Late Friday afternoon, just as the ominous gray clouds lifted over the PGA Championship, the last vestiges of Masters magic burned away.
Tiger Woods missed the cut.
He didn't miss by much – one stroke over 36 holes – but the reality landed with a thud, considering the uplifting effect of his stirring victory at Augusta National a month before. He looked closer to his age Friday, his 43-year-old body unable to turn and lash the golf ball into the next ZIP code as he once could.
"Well, I'm not playing the weekend," he said, after a day when he hit just three of 14 fairways, seven fewer than in the opening round. "That's disappointing. Just didn't quite – just didn't quite have it."
He shot a three-over-par 73 on Friday, putting him at five over for the tournament when the cut line was plus-four. His last-gasp opportunity came on No. 18, the least-imposing hole at Bethpage Black, but his approach from 113 yards hit the front of the green and spun back into the intermediate rough. He missed on his Hail Mary chip from 40 feet and wound up five feet from the cup. He made that for par, but it wasn't enough.
His undoing happened at the turn, when he opened the back nine with bogeys on four of the first five holes.
Woods, who was among the favorites to win coming off the Masters, said he "made too many mistakes and just didn't do the little things I need to do. You know, I had a couple three-putts. I didn't hit wedges close. I didn't hit any fairways today. Did a lot of little things wrong."
There will be plenty of second-guessing, maybe not by Woods but by those on the outside, about his decision to sit out a month after Augusta, risking his momentum coming out of that major championship.
Asked if he had regrets about resting, he said: "No, no, no. Definitely not. You know, I'm the Masters champion and 43 years old and that's a pretty good accomplishment."
Casting Woods' struggles in even sharper relief was the fact he was playing with the scorching Brooks Koepka, who is not only the defending PGA champion but has won the last two U.S. Opens – and finished a shot behind Woods at Augusta.
Koepka followed his opening-round 63 with a 65 on Friday, for the lowest 36-hole score (128) in majors history. That beats the previous record, held by several golfers, by two strokes.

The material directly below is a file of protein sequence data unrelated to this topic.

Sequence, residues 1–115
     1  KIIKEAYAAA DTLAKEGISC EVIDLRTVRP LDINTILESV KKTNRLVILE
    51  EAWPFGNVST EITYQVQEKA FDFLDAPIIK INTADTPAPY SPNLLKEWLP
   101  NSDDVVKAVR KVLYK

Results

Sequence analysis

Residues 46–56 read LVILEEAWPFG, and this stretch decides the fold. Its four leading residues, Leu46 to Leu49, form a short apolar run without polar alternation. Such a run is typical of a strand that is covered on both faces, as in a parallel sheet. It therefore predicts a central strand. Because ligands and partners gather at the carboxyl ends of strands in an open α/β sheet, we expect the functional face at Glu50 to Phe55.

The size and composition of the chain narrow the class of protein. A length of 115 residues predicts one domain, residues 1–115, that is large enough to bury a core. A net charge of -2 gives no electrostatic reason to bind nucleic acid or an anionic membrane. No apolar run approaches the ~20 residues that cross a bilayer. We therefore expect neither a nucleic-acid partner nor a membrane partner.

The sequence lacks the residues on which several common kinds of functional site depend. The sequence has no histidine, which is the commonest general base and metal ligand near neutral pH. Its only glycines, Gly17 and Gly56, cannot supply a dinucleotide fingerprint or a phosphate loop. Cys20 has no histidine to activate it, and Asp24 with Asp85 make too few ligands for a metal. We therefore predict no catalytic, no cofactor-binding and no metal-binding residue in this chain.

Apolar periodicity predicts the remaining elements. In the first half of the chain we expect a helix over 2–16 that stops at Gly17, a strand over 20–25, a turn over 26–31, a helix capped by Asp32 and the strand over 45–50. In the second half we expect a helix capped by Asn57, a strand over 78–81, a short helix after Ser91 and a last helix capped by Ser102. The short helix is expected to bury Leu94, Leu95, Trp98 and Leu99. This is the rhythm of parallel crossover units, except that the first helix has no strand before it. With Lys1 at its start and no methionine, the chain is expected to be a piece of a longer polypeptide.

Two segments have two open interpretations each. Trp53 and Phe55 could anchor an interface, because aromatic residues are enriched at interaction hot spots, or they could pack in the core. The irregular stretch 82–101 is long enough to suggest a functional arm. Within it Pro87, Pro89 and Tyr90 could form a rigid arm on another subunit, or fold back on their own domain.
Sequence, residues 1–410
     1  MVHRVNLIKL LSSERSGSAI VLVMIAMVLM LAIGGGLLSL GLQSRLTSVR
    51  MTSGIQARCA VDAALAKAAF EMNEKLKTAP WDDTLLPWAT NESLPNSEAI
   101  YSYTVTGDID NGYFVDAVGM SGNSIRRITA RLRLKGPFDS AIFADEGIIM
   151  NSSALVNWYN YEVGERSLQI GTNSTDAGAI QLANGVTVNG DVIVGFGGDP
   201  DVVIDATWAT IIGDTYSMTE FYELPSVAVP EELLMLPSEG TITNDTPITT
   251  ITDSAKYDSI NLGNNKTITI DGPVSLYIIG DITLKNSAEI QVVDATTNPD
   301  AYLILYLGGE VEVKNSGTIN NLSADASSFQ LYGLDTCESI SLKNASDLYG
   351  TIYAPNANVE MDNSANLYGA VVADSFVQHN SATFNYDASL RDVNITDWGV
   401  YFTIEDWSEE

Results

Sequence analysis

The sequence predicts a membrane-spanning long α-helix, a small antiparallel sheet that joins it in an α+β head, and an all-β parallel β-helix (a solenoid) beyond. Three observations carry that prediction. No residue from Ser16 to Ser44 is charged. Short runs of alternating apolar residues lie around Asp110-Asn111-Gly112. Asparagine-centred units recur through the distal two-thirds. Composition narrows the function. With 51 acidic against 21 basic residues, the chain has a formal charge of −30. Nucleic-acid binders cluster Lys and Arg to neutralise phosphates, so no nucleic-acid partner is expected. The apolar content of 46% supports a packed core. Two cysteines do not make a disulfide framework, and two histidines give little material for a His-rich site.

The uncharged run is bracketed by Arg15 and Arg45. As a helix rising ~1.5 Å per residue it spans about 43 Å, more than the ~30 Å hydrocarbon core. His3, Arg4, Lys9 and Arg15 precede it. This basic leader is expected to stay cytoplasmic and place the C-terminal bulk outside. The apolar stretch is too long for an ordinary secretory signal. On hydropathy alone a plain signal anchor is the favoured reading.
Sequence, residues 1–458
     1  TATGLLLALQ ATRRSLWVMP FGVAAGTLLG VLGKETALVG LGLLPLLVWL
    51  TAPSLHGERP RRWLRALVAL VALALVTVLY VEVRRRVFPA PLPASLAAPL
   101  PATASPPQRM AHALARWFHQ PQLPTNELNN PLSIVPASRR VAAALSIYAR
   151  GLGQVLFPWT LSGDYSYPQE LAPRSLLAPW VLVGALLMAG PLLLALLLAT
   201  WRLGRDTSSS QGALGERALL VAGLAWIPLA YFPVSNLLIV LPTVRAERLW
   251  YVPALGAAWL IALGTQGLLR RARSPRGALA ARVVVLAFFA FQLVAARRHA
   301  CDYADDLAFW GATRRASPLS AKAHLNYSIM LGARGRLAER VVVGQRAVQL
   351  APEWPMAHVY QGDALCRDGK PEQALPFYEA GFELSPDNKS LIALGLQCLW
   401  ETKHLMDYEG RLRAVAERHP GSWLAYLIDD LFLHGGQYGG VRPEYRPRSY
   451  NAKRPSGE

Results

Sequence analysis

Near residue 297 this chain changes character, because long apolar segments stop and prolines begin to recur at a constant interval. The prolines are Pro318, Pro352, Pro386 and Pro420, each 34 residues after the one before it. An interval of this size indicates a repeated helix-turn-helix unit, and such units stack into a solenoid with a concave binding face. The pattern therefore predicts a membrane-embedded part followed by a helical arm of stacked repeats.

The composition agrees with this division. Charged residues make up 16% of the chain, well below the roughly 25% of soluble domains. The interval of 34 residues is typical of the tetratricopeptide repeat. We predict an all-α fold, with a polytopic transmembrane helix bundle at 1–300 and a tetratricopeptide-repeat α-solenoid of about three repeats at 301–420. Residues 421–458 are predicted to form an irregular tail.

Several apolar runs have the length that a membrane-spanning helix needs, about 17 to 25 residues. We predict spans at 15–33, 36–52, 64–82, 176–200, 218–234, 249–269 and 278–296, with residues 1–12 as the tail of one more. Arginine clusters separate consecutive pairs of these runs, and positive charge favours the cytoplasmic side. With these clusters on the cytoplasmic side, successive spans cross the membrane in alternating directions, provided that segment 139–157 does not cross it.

After two rounds, Koepka has a seven-shot lead over Jordan Spieth and Adam Scott.
"What Brooksy did, he's driving it 330 yards in the middle of the fairway," Woods said. "He's got nine-irons when most of us are hitting five-irons, four-irons, and he's putting well. That adds up to a pretty substantial lead, and if he keeps doing what he's doing, there's no reason why he can't build on this lead."
Although there were some light showers Friday, the skies have yet to truly rain as was forecast earlier in the week. Still, the moisture could help produce some low scores during the weekend round – particularly for Koepka, Woods said.
"The golf course is soft enough where the power helps," he said. "So when he did miss the fairway, he missed it far enough down there where he was still able to hit wedges and nine-irons on the green, and on top of that, he missed on the correct sides. So he had good angles."
As for Woods, who missed a practice round Wednesday and said he hasn't felt well this week, he was subdued after missing the cut but didn't sound deeply discouraged. He said he expects to be back up to speed and practicing soon, with the U.S. Open at Pebble Beach coming up in a month.
"I've got to start feeling a little bit better first before that happens," he said of practicing. "We'll do that first and then start cranking it back up again. I just wasn't moving the way I needed to. That's the way it goes. There's going to be days and weeks where it's just not going to work, and today was one of those days."